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Life Cycle Assessment to Evaluate the Environmental Impact of Biochar Implementation in Conservation Agriculture in Zambia
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2013 (English)In: Environmental Science and Technology, ISSN 0013-936X, E-ISSN 1520-5851, Vol. 47, no 3, 1206-1215 p.Article in journal (Refereed) Published
Abstract [en]

Biochar amendment to soil is a potential technology for carbon storage and climate change mitigation. It may, in addition, be a valuable soil fertility enhancer for agricultural purposes in sandy and/or weathered soils. A life cycle assessment including ecological, health and resource impacts has been conducted for field sites in Zambia to evaluate the overall impacts of biochar for agricultural use. The life cycle impacts from conservation farming using cultivation growth basins and precision fertilization with and without biochar addition were in the present study compared to conventional agricultural methods. Three different biochar production methods were evaluated: traditional earth-mound kilns, improved retort kilns, and micro top-lit updraft (TLUD) gasifier stoves. The results confirm that the use of biochar in conservation farming is beneficial for climate change mitigation purposes. However, when including health impacts from particle emissions originating from biochar production, conservation farming plus biochar from earth-mound kilns generally results in a larger negative effect over the whole life cycle than conservation farming without biochar addition. The use of cleaner technologies such as retort kilns or TLUDs can overcome this problem, mainly because fewer particles and less volatile organic compounds, methane and carbon monoxide are emitted. These results emphasize the need for a holistic view on biochar use in agricultural systems. Of special importance is the biochar production technique which has to be evaluated from both environmental/climate, health and social perspectives.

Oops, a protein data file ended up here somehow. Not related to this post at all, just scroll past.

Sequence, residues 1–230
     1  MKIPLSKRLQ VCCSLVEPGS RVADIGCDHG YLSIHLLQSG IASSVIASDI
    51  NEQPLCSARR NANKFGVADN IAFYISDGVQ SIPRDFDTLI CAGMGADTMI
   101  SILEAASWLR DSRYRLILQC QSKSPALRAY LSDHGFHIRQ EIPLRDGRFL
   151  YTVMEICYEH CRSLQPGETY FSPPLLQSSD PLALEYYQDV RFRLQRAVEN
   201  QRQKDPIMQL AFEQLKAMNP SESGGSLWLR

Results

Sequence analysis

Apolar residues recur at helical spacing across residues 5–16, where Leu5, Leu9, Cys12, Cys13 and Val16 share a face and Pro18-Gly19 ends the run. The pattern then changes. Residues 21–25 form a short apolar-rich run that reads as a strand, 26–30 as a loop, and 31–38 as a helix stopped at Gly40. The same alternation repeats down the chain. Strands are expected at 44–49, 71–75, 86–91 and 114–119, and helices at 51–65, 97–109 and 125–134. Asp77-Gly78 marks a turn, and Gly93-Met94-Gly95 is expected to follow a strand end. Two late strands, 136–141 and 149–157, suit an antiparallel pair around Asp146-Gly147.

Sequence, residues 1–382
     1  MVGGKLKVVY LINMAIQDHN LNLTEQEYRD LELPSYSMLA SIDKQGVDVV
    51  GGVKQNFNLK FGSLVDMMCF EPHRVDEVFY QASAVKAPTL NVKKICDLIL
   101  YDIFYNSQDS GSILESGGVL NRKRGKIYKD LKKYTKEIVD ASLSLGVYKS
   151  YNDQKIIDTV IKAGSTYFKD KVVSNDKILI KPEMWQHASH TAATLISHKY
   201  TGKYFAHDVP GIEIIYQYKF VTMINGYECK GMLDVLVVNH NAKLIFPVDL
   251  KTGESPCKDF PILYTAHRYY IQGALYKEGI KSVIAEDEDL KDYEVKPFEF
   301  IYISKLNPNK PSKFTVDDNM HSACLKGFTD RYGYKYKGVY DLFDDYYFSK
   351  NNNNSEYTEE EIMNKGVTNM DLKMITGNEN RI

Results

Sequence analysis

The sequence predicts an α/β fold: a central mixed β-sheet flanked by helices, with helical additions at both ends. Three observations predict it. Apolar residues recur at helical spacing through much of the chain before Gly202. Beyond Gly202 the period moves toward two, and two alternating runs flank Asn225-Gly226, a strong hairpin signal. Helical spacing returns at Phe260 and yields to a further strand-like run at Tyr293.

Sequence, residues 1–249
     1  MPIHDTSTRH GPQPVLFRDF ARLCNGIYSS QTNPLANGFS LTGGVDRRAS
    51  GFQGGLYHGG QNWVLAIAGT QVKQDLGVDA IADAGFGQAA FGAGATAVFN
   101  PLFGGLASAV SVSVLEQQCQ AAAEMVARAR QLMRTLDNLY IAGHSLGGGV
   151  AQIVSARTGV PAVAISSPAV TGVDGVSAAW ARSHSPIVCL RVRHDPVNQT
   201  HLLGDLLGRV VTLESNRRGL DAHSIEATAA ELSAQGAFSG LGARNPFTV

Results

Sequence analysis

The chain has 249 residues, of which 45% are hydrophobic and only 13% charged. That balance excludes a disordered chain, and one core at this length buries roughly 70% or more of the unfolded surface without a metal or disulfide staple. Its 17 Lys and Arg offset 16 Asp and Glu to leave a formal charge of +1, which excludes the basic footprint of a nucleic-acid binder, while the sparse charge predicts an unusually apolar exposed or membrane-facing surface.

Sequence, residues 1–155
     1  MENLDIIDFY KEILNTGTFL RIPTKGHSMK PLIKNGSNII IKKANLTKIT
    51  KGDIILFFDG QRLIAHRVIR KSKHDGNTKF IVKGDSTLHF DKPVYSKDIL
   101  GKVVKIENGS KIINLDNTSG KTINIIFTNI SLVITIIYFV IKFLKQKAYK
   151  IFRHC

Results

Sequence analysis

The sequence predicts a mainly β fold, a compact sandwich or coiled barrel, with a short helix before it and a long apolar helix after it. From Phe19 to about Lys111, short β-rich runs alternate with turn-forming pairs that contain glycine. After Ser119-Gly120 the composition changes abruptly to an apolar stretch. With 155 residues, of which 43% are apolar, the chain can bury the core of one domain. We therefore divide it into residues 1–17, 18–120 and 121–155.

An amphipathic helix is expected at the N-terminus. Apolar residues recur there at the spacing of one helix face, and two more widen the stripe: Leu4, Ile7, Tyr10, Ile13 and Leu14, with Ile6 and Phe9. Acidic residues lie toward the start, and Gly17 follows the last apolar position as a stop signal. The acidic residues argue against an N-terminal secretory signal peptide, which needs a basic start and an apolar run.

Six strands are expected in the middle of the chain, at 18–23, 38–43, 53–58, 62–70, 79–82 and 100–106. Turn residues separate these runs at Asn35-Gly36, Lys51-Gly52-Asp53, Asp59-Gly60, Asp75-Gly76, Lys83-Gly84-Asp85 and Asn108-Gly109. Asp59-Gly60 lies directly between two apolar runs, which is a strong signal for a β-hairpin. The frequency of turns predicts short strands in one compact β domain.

Place, publisher, year, edition, pages
2013. Vol. 47, no 3, 1206-1215 p.
National Category
Environmental Sciences Ecology
URN: urn:nbn:se:su:diva-88685DOI: 10.1021/es302720kISI: 000314675500007OAI: diva2:612998


Available from: 2013-03-26 Created: 2013-03-25 Last updated: 2013-03-26Bibliographically approved

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Cornelissen, Gerard
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Department of Applied Environmental Science (ITM)
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